A smile grew from deep within to see her joyful enthusiasm. Eric shoved his hat back on his head as he followed them out the door. Tundra lunged to his feet and barked once, tail wagging. As Eric unharnessed the dog, Tundra lifted his nose in Sarah’s direction and sniffed the air curiously.

“It’s okay,” Eric said. “He won’t hurt ’cha.”

Sarah slowly extended her hand and let the Malamute sniff the back of her hand. Before long she was kneeling on the ground, running her hands through the soft gray and black ruff around his neck, heedless of the cold snow beneath her knees. Tundra licked her face in reply and she giggled.

Garrett handed his mother a couple of old blankets. Thanking him for fetching them, she arranged them on the porch by the door. Eric, Tundra, and Sarah headed up the stairs and the two women helped settle the dog onto the makeshift bed.

“You’re spoilin’ him,” Eric said gruffly but with a smile.

“Well, he’s cold too,” Sarah protested. “Aren’t you, Tundra?” She pulled the blanket up around the dog.

Luke and Garrett leaned against the porch railing side by side, smiling as they watched her–and looking every bit like father and son. Seeing them like that, Eric realized how much he had missed over the years.

“Come on in, Eric,” Claire urged. “And Sarah, don’t stay out too long in the cold. Tundra might have a coat, but you don’t.”

“I won’t be long,” Sarah called back as the others stepped inside. Claire directed Garrett to take Eric’s coat and as she rushed back to the kitchen, she called over her shoulder, “You’re just in time. Dinner’s almost ready.”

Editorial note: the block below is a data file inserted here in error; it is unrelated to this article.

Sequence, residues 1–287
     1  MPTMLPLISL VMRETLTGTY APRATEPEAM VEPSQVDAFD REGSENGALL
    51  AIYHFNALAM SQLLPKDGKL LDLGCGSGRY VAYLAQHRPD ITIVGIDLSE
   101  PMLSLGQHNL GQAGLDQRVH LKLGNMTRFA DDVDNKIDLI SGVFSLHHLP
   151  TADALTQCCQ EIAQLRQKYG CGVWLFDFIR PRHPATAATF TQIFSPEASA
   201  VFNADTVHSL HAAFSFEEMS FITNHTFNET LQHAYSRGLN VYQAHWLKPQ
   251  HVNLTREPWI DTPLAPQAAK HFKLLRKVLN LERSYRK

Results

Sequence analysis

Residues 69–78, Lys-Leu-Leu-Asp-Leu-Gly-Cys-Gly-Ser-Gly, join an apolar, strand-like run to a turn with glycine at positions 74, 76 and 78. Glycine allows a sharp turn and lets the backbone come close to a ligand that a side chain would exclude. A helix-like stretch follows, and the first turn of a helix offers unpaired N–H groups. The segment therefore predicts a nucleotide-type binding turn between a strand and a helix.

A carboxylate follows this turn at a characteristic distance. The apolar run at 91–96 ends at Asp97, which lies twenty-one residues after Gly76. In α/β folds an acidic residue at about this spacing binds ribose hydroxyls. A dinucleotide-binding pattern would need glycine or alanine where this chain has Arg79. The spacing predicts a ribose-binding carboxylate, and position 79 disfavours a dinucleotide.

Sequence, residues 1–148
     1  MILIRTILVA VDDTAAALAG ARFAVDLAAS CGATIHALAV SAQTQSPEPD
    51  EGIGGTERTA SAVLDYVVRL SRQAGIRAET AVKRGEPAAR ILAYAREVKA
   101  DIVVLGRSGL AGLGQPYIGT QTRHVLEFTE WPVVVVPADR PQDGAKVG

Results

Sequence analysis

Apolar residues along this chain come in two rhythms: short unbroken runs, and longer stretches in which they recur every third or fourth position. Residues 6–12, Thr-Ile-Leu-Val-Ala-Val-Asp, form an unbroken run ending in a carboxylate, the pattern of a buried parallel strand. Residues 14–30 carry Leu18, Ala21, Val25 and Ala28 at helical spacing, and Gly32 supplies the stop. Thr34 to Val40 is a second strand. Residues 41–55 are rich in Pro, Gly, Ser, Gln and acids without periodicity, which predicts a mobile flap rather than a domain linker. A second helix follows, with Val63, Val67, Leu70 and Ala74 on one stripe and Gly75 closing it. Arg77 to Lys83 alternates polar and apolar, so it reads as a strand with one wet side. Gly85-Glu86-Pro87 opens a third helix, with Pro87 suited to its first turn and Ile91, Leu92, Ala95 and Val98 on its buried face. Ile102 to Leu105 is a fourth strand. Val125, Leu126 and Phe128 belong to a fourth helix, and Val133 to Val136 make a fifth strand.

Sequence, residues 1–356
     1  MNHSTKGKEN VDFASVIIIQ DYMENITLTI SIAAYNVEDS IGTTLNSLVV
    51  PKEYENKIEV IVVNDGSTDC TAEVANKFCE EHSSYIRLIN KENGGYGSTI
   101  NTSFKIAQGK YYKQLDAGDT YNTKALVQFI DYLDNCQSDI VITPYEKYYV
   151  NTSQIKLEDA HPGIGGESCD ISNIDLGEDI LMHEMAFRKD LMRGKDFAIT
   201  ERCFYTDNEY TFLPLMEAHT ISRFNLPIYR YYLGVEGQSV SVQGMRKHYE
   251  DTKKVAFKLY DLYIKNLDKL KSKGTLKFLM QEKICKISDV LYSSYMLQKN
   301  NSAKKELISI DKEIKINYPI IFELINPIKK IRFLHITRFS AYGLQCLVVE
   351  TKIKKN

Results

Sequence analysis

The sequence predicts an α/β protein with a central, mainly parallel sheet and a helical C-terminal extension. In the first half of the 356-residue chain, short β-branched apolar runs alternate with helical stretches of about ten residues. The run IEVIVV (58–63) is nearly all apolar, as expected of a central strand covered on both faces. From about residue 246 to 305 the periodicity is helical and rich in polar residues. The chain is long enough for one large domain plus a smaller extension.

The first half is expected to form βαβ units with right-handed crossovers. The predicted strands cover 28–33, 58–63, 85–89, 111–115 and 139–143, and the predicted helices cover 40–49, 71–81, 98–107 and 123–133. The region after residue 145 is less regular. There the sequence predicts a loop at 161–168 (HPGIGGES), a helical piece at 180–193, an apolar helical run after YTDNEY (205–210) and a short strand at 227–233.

Eric self-consciously handed his crudely stitched beaver coat to the boy and followed Luke into the parlor. There in the corner stood a small pine tree, decorated with red and white gingham bows and a long string of popcorn.

“It’s still Christmas.”

Luke chuckled. “Yes, it is. You didn’t miss it.”

Eric sighed in relief and held his hands out to the crackling flames in the fireplace. A couple of lanterns lit the room cheerily, the brightness chasing the shadows from Eric’s heart. He was home.

The End

This story is part of a Writing Challenge I have undertaken to write something every day in the month of December on a pre-selected list of topics. Photographer Jacqueline Ashford is keeping pace with me on the same list of topics, her with her camera and me with my keyboard. You can see Jacqueline’s gorgeous photos here. We’re having way too much fun with this mutual challenge. (You can see the list of topics here.)

Tomorrow’s Topic: Ornament(s)

Credit for the photograph above: Robert Caldicott [CC-BY-SA-2.0 (], via Wikimedia Commons